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A polymorphism near MC4R gene (rs17782313) is associated with serum triglyceride levels in the general Japanese population: the J-MICC Study.

Authors
  • Katsuura-Kamano, Sakurako
  • Uemura, Hirokazu
  • Arisawa, Kokichi
  • Yamaguchi, Miwa
  • Hamajima, Nobuyuki
  • Wakai, Kenji
  • Okada, Rieko
  • Suzuki, Sadao
  • Taguchi, Naoto
  • Kita, Yoshikuni
  • Ohnaka, Keizo
  • Kairupan, Tara Sefanya
  • Matsui, Daisuke
  • Oze, Isao
  • Mikami, Haruo
  • Kubo, Michiaki
  • Tanaka, Hideo
Type
Published Article
Journal
Endocrine
Publisher
Springer-Verlag
Publication Date
Sep 01, 2014
Volume
47
Issue
1
Pages
81–89
Identifiers
DOI: 10.1007/s12020-014-0306-y
PMID: 24880622
Source
Medline
License
Unknown

Abstract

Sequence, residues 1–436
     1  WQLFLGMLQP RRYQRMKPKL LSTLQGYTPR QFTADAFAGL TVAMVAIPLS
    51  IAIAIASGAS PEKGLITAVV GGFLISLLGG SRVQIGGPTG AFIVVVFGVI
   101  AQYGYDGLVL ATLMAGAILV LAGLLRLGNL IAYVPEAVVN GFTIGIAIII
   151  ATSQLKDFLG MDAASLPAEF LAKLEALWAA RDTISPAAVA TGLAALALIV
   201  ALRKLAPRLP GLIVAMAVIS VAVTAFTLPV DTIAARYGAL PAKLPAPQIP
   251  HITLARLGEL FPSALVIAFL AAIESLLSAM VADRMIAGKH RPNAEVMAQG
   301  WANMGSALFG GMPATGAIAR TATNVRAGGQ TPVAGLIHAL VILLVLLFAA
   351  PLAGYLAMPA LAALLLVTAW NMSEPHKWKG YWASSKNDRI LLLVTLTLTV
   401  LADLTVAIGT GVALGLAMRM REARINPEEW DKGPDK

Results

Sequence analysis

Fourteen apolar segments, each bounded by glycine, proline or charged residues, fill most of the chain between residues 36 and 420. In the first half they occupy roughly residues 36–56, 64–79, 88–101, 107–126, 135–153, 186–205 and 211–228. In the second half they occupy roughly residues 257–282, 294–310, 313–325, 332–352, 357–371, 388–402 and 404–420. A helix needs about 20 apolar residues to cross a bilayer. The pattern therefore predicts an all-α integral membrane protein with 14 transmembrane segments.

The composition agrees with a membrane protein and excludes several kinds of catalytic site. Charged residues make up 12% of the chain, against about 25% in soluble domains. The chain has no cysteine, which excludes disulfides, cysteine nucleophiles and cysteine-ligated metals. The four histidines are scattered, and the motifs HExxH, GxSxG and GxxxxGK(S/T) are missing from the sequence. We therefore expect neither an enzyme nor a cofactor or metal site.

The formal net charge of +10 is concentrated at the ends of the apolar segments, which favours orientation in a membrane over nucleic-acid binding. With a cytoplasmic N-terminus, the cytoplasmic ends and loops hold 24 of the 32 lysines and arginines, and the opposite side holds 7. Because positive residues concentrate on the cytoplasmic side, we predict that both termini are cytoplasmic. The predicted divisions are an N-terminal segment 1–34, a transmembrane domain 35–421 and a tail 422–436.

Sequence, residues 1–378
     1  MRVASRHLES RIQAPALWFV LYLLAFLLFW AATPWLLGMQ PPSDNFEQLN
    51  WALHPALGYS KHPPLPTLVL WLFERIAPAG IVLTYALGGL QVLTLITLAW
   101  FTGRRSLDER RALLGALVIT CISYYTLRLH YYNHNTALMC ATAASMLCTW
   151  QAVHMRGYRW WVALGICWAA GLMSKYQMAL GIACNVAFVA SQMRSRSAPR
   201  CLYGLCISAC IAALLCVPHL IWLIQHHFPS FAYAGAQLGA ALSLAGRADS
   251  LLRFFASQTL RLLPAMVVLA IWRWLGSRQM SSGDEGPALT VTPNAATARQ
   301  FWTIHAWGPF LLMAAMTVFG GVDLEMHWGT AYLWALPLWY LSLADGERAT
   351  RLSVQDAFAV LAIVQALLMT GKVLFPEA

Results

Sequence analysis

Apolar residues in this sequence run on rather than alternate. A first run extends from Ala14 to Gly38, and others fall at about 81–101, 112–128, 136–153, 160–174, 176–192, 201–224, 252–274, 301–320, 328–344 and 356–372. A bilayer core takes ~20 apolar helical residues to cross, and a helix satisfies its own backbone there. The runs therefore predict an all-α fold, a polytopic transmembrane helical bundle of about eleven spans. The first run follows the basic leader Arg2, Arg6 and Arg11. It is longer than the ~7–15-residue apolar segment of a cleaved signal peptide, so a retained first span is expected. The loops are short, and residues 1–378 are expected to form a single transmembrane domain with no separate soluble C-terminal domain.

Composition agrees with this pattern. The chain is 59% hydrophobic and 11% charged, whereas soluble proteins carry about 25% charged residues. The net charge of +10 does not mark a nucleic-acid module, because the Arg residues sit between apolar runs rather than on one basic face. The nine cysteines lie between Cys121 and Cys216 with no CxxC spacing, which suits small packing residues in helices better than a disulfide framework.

Previously reported associations of a common polymorphism near melanocortin-4 receptor (MC4R) gene (rs17782313) with BMI/obesity were inconsistent, especially in East Asia, and the associations of the polymorphism with serum lipid levels have not been fully elucidated. This study evaluated the association between rs17782313 and obesity-related traits and serum lipid levels in the general Japanese population. A total of 2,035 subjects (aged 35-69 years, 1,024 males and 1,011 females) enrolled in the Japan Multi-Institutional Collaborative Cohort (J-MICC) Study. We examined the associations between near MC4R polymorphism (rs17782313) and obesity-related traits [height, weight, body mass index (BMI), weight change from 20 years old], serum lipid levels (triglycerides, total and HDL-cholesterol), and intake of nutrients (total energy and macronutrients). Polymorphism of rs17782313 (minor C allele) was positively associated with serum triglyceride levels (P for trend = 0.020) adjusted for age and sex. Analysis using a general linear model revealed that the number of minor C alleles was positively associated with serum triglyceride levels after adjustment for age, sex, and potential confounders (P for trend = 0.004). Statistical significance did not change after further adjustment for total energy intake and BMI. There was no significant association between rs17782313 and obesity-related traits including BMI. Interactions between rs17782313 and sex, BMI, or total energy intake for triglyceride levels were not significant. To our knowledge, this study demonstrated for the first time that rs17782313 was associated with serum triglyceride levels in Asian population. Further studies are needed to confirm this result.

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